A grand jury investigation found that Pennsylvania health and licensing officials received reports about Dr. Kermit Gosnell's abortion practice, the Women's Medical Society, but took no action. Official inspections, dating as far back as 1989, repeatedly found health violations in the clinic, but no one ever ensured they were corrected.
The grand jury report also said, "the medical examiner of Delaware County informed the department that Gosnell had performed an illegal abortion on a 14-year-old girl carrying a 30-week-old baby." They also received official notice of the death of a 41-year-old woman, for which Gosnell now faces a murder charge.
The Pennsylvania Department of State, through its Board of Medicine, received a complaint a decade ago from a former employee of Dr. Gosnell, who according to the grand jury report, "laid out the whole scope of his operation: the unclean, unsterile conditions; the unlicensed workers; the unsupervised sedation; and the underage abortion patients; even the over-prescribing of pain pills with high resale value on the street." An investigator was assigned, but Gosnell was interviewed offsite. There was no inspection of the clinic or interviews with employees. Yet, the complaint was dismissed.
Editor's note: CNN'S Gary Tuchman reports on a Georgia county that is having its first ever integrated prom.
As Quanesha Wallace remembers, it was around this time last year when the idea first came up at Wilcox County High School. It was nothing big, just chatter about prom, school, what comes next, what they'd change.
If things were different, someone said, we'd all go to the same prom.
For as long as anyone could remember, students in their South Georgia community went to separate proms, and homecoming dances, too. White students from Wilcox County attend one. Black students, another. They’re private events organized by parents and students, not the school district. Schools have long been desegregated, but in Wilcox County, the dances never changed.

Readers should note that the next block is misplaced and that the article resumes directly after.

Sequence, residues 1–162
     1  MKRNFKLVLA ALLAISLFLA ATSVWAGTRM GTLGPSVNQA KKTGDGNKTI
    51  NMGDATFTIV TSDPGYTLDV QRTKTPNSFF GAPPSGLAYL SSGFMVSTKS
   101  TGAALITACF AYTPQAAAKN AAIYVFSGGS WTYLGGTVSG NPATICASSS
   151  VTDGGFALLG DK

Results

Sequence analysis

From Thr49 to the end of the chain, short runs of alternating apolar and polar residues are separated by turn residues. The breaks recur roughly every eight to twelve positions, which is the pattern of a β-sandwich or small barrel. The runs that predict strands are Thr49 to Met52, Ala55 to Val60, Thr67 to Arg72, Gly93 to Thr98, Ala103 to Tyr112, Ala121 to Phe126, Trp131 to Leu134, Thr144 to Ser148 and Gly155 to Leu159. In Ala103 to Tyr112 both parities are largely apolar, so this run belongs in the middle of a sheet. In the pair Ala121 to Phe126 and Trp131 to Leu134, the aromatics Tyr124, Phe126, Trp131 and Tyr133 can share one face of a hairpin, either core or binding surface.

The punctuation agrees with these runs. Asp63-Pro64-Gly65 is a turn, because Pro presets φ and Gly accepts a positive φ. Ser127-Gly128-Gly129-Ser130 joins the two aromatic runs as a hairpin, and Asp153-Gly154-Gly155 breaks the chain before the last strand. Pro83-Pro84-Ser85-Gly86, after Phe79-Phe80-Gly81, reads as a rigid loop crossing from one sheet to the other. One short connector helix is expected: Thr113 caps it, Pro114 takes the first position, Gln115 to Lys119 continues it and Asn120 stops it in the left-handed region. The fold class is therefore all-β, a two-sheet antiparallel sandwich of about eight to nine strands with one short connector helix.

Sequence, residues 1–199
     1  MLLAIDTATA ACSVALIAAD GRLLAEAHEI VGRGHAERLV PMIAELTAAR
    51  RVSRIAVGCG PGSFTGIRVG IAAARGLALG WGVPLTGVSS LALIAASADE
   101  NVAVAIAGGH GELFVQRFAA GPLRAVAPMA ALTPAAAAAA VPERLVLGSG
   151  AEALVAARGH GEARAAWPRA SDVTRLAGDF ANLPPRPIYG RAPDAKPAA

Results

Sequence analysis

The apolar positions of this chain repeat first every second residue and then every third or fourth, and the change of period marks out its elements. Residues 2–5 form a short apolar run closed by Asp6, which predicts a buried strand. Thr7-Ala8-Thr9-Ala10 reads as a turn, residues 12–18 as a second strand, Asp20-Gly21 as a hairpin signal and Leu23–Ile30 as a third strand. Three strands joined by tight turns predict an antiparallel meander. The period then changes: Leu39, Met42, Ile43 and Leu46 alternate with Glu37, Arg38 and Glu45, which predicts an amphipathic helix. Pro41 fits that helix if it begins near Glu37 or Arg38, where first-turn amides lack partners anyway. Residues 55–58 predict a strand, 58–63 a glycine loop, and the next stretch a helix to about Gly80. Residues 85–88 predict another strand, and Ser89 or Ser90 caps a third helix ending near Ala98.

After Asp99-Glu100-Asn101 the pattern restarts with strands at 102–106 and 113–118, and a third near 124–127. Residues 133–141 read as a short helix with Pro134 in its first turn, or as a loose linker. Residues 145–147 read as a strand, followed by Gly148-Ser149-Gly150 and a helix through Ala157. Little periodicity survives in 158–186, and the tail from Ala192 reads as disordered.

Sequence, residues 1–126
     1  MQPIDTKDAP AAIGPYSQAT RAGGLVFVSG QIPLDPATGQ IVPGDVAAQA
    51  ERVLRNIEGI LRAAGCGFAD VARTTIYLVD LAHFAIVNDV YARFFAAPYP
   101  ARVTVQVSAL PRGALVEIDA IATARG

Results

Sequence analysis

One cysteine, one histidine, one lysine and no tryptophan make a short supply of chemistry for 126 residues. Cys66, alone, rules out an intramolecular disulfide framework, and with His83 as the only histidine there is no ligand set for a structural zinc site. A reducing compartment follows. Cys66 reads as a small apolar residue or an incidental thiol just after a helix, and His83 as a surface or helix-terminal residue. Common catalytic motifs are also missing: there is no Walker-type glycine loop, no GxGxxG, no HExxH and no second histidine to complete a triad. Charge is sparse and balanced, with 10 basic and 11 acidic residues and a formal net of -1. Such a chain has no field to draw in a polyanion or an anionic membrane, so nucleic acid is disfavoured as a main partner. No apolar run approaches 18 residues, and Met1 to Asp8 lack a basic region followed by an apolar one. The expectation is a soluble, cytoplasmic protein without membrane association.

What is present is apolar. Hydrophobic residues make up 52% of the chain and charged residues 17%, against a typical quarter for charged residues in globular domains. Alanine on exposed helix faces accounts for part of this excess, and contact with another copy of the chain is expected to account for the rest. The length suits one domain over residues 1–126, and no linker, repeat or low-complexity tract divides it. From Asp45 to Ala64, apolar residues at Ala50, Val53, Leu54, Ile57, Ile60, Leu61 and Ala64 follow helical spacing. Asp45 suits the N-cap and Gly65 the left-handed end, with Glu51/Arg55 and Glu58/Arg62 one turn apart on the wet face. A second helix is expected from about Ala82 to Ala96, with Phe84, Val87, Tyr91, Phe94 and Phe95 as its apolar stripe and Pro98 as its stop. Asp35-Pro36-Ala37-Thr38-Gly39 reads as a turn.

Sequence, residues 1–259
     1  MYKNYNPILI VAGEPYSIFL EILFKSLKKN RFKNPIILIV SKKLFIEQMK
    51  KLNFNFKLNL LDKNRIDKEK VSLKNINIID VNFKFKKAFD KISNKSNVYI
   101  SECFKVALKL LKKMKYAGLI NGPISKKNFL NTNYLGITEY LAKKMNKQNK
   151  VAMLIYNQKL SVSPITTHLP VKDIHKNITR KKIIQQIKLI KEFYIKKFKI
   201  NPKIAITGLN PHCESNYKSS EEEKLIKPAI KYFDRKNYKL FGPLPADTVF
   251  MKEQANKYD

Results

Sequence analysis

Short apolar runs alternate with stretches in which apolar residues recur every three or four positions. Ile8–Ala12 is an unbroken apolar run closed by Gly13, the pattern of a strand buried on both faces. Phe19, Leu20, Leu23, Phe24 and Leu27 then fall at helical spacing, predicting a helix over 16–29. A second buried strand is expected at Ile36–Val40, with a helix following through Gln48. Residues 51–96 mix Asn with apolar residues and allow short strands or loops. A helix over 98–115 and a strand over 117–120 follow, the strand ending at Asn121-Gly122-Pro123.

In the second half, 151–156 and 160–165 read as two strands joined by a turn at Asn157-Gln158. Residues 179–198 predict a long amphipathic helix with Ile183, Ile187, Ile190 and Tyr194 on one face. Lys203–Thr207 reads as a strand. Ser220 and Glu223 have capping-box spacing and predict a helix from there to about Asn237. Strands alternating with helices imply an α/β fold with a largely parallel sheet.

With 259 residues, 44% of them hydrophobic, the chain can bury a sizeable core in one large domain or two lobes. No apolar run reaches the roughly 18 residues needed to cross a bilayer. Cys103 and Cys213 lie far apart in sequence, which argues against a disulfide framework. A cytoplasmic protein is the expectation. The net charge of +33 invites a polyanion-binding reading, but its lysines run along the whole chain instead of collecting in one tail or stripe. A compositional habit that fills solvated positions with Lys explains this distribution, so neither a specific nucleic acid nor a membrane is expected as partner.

Adventurous foodie Anthony Bourdain took a much less daring eater, Anderson Cooper, to a New York City restaurant to feast on a delicacy, Yakitori, including chicken elbow.
Between bites they traded stories about their travels and differing philosophies on dining while abroad. One of them prefers to play it safe on the road, the other will try just about anything given to him by locals.
Bourdain's new CNN program brings viewers along to learn about the people, places, traditions and meals he discovers, starting with Myanmar in the premiere episode of "Parts Unknown" this Sunday, April 14 at 9 p.m. ET. Besides the spectacular beauty, he found the people very open to outsiders, and they didn't shy away from the camera.
Anderson Cooper shows the propaganda video that aired on TV in North Korea today to indoctrinate the masses.
CNN's Tom Foreman reports on the history of Otis Elevator Company and how they impacted architecture in big cities.
We’re Keeping Them Honest tonight with a report on an abortion doctor on trial in Philadelphia on eight counts of murder. That’s for the deaths of seven babies and one 41-year-old woman seeking an abortion, who allegedly died after receiving too much anesthesia.
Dr. Kermit Gosnell, 72, is accused of performing illegal abortions past the 24-week limit allowed by law. According to the grand jury report, Gosnell “regularly and illegally delivered live, viable babies in the third trimester of pregnancy – and then murdered these newborns.”
In January 2011, shortly after Gosnell was charged, Philadelphia District Attorney Seth Williams told CNN, "It was a house of horrors beyond any type of definition or explanation I can humbly try to give.”
Teens going to prom across the country have a lot of choices to make about the quintessential high school experience – a date, outfit, transportation, flowers, photos. But in one rural Georgia town, white students have another decision to make: whether to attend the integrated prom or the white prom.
Having two separate proms for black and white students has been the norm in their community until now. For the first time ever, a group of kids in Wilcox County, Georgia, are making history in their tiny town.
They've organized a dance that invites everyone to attend, regardless of race. The teenagers who go to school together and play sports together can finally hit the dance floor together.
Anderson Cooper goes beyond the headlines to tell stories from many points of view, so you can make up your own mind about the news. Tune in weeknights at 8 and 10 ET on CNN.
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